What’s the difference between installing Paint Protection Film (PPF) and simply applying a ceramic coating? I explain in this week’s mailbag. Send questions if you got ’em!
Hi Mike. I’m picking up my M3 in Germany (cool! – MD), and driving it back to the UK. Do I need to apply a PPF or ceramic coating before driving it home? What would be better?
Eric, first, congrats on your M3! You ask a question that’s usually answered with “PPF”, but I don’t think it’s quite so clear cut. There are good and bad to both approaches.
PPF is expensive
To wrap an entire car properly in PPF can cost upwards of $6,000 – quotes vary, but regardless, it’s a lot of money. If you get hit, the panel must be replaced, something insurance won’t cover.
On the other hand, if you get rock chips and other marks on your car, you can easily respray the bumper for $1,000 or less. If you have a reputable body shop, it will look factory fresh.
PPF dulls the paint
Ask many photographers if they shoot with a lens protector, and they will say no. The logic here is that we’ve paid for expensive lenses, and to put a $50 glass cover over them would result in a sub optimal image.
PPF adds another clear layer over your paint. In my opinion, it dulls the luster a bit, no matter how it’s installed.
I have no scientific proof of this, it’s just what I see with my own (admittedly well-trained) eye.
But paint protection film works
All that said, PPF works in protecting the car from rock chips and minor damage. If a shopping cart hits your car, or a rock gets kicked up, you can usually just wipe the result away. BMW themselves use it on your new M3, just check out the rear fender flairs. Most manufactures add it to this area because it’s more prone to damage.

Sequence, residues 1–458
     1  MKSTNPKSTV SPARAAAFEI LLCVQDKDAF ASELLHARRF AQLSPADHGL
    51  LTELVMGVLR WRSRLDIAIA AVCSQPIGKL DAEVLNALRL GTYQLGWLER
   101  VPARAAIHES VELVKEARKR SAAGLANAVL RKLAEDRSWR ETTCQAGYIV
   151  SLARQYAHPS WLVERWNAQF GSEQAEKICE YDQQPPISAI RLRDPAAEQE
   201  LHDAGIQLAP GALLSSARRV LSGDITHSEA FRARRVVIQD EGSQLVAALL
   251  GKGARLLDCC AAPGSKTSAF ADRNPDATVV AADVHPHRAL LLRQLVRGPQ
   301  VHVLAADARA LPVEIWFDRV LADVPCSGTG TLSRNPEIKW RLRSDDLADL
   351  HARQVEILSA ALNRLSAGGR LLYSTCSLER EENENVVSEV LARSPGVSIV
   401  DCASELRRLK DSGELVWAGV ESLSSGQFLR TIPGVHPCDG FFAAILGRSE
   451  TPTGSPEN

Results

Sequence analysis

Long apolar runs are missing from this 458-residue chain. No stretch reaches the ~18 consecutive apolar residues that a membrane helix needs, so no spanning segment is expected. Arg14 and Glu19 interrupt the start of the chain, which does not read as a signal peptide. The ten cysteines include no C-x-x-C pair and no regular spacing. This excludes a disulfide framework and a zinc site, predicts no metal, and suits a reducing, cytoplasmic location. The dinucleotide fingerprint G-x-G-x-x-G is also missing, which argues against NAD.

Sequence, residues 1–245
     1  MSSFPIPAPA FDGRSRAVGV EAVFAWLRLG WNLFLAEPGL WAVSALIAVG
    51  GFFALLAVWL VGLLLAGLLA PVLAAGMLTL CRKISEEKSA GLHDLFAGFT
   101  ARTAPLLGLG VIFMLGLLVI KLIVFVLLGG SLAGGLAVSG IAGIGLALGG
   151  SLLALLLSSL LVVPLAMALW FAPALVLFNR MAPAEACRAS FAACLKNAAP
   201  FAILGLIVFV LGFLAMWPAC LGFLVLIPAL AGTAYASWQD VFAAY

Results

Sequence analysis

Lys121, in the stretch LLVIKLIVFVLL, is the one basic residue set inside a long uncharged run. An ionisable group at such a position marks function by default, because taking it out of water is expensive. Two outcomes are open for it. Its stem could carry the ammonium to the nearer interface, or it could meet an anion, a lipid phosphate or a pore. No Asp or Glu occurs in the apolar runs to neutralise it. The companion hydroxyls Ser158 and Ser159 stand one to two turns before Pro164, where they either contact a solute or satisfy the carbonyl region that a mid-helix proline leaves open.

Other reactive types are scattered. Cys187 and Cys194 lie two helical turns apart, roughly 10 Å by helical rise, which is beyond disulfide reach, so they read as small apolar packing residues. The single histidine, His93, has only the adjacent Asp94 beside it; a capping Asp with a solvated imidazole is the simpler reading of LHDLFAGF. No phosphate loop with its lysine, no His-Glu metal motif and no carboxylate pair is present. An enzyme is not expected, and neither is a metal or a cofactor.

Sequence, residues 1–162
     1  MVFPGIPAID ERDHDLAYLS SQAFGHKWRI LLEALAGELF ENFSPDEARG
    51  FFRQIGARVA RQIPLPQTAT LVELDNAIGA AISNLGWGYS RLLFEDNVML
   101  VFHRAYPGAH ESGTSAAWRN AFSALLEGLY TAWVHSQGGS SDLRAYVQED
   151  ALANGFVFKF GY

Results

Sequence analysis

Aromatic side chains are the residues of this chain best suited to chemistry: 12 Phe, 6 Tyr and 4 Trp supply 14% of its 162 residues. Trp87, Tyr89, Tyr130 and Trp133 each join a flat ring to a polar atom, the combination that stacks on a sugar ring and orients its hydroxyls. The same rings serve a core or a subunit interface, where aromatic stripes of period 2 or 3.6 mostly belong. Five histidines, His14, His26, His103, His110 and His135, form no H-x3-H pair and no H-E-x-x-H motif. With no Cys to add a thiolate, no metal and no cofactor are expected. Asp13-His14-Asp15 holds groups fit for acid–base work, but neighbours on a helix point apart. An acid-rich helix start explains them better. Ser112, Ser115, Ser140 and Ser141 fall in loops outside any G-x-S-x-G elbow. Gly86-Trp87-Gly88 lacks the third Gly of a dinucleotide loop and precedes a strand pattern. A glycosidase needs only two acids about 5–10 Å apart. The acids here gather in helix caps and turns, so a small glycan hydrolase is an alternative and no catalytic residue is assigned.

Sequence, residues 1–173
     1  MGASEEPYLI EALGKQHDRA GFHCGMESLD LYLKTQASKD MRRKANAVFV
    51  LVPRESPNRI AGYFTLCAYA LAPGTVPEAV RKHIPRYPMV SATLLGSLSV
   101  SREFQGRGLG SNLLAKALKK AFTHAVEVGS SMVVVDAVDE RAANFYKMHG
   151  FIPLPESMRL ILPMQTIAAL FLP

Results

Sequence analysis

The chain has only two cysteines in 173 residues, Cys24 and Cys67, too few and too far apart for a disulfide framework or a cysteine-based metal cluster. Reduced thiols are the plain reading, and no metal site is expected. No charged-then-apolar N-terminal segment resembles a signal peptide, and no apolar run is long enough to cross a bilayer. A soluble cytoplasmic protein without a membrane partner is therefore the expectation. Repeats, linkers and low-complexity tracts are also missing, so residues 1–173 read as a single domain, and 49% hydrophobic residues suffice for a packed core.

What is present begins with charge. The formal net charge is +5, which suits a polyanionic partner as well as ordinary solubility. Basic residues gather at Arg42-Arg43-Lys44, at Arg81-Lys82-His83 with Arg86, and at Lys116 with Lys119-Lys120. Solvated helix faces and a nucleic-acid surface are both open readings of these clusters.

Ceramic coatings are not a substitute for PPF
A ceramic coating works by being spread onto the paint and adhering to the clear coat, wrapping it in a sort of protective shell. These coatings will help keep the paint clean and avoid things like water spots or marring from a bird bomb.
However, they won’t protect against big hits from outside forces.
Ceramic coatings aren’t perfect
Be careful in choosing a coating, because none of them last as long as they claim. You’re not getting five years out of any bottle, it just doesn’t work like that. And not all of them are helpful. Remember that as paint expands and contracts with environmental forces, it needs the flexibility to move. Sometimes, ceramic coatings form a hard shell and can prevent the paint from flexing, causing it to crack.
It’s why I only use AMMO Reflex, which allows the paint to flex as it protects. That’s no plug either. I’ve used AMMO for eight years on all my cars without issue, and Larry isn’t known for his discounts.
Can you use both?
Yes! The order to follow would be to correct the paint, apply a ceramic coating of choice, and then put PPF over it.
You can put on other coatings over the PPF and wax it as your normally would.
What my solution is
I’ve never put PPF on any car. The cost is astronomical compared to the return. If you’re on the highway every day, consider it, because trucks kick up a lot of things. But aside from that, I’ve never felt the need.
Yes, there are a few chips on the nose of the M3, but you’d need a microscope to see it, and I can always repaint it.
Eric, the answer here is to do what makes you feel comfortable. If you can go for PPF and plan on keeping the car long term, go for it. But don’t feel like you’re mistrating the car without it.
Want your car reviewed?
If you live in the tri-state area and want me to check it out, send me an email!
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I use Nikon camera bodies and lenses, a Westcott Ice Light 2, Manfrotto tripod, B + W filters and an iMac Pro to make the art you see here.
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